The move towards working from home (opens in new tab) doesn't mean that businesses around the world are back to business as usual, a new report from Microsoft states.
In fact, the company's first-annual "Work Trend Index" found that there appears to be a serious remote working crisis bubbling under the surface which needs to be addressed as soon as possible.
Microsoft’s report argues that hybrid working is here to stay, but business leaders are “out of touch” and need a wake-up call, with many teams feeling the effect of overworking.
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The report claims high productivity, which has become almost normal in remote working, actually results in an exhausted workforce. Furthermore, the report states Gen Z workers are losing motivation and need to be “re-energized”.
Using Microsoft Teams and Outlook (opens in new tab) to spot collaboration trends, Microsoft also said employee networks are contracting, which may stifle innovation. Hybrid working is expected to revive the networks.
In order to deflate the crisis bubble, business leaders are advised to create a plan which would empower people for “extreme flexibility”; to invest in space and technology that bridges the physical and digital worlds, as well as to combat exhaustion from the top. They should also prioritize rebuilding social capital and culture and rethink employee experience to compete for the best and most diverse talent.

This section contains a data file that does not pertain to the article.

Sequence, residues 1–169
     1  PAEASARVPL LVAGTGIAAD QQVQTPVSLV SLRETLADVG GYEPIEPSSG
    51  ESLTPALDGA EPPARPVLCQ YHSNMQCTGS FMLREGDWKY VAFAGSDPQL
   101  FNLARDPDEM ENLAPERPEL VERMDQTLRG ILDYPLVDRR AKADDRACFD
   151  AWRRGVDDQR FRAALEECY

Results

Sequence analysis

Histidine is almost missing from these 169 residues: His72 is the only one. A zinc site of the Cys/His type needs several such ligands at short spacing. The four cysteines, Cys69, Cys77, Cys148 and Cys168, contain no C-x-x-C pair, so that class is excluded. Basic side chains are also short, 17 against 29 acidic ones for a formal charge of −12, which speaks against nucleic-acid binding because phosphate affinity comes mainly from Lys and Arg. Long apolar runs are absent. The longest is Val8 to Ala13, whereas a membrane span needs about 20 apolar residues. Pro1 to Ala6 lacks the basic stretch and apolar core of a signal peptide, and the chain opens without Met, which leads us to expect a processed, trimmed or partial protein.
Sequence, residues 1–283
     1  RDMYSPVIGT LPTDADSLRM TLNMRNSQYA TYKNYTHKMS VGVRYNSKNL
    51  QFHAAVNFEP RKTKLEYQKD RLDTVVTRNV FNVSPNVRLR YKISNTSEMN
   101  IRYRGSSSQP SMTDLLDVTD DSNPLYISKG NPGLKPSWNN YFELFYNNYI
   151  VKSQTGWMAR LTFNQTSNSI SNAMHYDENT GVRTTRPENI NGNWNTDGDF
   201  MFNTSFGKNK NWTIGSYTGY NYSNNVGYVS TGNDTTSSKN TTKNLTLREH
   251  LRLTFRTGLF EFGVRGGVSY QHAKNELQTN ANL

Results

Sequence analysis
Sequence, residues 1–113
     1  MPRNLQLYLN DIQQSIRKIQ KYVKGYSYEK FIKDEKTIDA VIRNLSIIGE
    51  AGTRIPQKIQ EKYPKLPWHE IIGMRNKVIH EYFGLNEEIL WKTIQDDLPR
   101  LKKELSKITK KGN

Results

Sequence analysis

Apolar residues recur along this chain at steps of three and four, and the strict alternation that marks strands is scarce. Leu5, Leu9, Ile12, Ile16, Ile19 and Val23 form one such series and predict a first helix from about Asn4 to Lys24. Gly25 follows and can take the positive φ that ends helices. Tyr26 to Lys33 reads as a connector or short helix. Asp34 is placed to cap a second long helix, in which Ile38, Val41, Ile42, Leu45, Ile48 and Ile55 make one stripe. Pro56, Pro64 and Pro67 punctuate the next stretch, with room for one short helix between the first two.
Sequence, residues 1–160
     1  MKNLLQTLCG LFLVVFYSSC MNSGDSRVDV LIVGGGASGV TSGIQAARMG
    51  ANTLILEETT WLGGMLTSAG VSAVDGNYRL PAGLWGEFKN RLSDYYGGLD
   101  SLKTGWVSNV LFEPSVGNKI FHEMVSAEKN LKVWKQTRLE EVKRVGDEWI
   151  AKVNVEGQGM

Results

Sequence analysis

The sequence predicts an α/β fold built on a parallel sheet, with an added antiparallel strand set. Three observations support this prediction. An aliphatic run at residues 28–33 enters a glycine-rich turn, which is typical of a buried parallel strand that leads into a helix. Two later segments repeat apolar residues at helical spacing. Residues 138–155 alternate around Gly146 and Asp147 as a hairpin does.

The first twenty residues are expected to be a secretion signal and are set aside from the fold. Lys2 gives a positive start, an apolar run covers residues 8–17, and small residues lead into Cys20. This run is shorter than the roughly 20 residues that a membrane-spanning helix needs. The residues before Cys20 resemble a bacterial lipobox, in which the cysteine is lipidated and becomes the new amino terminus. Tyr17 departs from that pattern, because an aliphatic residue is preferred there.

After all, Microsoft argues, “talent is everywhere in a hybrid work world”, and hybrid work is here to stay. The number of remote work job postings increased five times on LinkedIn in the past year, and 46% of the global workforce are planning to move now that they don’t have to work from an office.
But it’s not all doom and gloom – work has become “more human”, the report says. Almost half (40%) of employees feel more comfortable being themselves at work now, compared to pre-pandemic times. One in six have even cried with a colleague in the past year.
“As opportunity is democratized with remote work and talent movement, we’ll see a spread of skills across the country, and this is the time for business leaders to take the opportunity to access different skills and talent not previously available to them,” said Karin Kimbrough, chief economist at LinkedIn.
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